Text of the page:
A descendant of skull-drilling trepanation, doctors introduced lobotomy in the 1930s as a psychosurgery that removed certain brain nerves. Psychiatrists believed these nerves to cause depression, anxiety, and other forms of emotional instability. Surgeons performed the procedure with a sharp instrument resembling an ice pick, lodged into the sedated patient’s eye socket, and moved back and forth into the brain’s frontal lobes. In the 1940s, mental hospitals in the U.S. were full to the brim, and lobotomies served to decongest them by treating patients with schizophrenia, bipolar disorder, and psychosis.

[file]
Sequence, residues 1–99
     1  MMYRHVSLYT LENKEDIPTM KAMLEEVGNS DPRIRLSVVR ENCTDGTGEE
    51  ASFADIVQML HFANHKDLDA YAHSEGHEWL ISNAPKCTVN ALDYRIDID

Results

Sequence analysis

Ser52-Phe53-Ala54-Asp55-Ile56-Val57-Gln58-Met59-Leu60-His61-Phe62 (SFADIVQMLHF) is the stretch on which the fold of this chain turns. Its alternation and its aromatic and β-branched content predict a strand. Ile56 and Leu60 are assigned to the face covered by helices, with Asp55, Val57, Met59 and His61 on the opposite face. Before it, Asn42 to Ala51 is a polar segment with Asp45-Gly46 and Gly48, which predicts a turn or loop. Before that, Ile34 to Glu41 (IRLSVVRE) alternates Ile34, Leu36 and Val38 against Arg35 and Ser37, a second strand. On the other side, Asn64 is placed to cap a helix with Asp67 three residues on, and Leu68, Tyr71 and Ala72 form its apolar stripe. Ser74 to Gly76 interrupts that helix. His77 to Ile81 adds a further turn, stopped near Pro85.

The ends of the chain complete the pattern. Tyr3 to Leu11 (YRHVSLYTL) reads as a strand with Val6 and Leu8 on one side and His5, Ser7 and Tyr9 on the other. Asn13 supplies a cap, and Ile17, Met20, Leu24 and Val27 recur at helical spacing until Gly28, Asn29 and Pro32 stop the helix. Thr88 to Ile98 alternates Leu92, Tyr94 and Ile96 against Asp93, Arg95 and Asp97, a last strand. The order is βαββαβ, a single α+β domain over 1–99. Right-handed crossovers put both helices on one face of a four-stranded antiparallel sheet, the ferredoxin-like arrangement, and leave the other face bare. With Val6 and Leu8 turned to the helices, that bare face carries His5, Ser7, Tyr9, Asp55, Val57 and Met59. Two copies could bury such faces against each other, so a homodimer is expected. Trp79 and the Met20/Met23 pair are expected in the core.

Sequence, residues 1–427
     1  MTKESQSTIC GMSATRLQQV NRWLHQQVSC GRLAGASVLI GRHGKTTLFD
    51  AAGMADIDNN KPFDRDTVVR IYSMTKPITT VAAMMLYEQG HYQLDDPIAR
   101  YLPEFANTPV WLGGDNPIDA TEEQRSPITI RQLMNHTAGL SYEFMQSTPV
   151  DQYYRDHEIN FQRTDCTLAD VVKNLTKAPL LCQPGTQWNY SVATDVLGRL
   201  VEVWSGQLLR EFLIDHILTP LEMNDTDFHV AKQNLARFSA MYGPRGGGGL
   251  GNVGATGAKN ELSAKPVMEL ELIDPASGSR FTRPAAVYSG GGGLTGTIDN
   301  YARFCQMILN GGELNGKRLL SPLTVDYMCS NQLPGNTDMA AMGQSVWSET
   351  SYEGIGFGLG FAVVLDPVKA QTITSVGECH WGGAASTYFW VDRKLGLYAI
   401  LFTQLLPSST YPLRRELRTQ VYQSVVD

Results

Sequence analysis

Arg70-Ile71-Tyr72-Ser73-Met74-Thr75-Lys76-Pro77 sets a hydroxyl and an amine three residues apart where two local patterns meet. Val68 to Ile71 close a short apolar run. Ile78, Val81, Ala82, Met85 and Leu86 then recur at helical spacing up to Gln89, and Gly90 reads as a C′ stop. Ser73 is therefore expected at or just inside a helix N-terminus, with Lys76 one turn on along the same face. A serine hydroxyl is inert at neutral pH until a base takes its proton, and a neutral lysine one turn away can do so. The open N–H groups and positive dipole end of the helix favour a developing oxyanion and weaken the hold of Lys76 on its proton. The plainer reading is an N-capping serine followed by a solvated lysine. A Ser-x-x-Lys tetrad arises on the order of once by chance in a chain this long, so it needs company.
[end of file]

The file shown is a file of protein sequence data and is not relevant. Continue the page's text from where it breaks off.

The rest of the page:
Despite lobotomy’s horrid nature, the world’s first lobotomist and creator of the procedure, Portuguese neurologist Egas Moniz, received a Nobel Prize in 1949 for his invention. The procedure went on to peak well into the end of the half-century. By this time, experts introduced the first batch of effective psychiatric drugs, and lobotomy gradually fell into disesteem. Interestingly, doctors still practice it today, albeit extremely rarely using more elegant and sophisticated tools. It is only a last resort for patients who have not responded to all other kinds of treatments.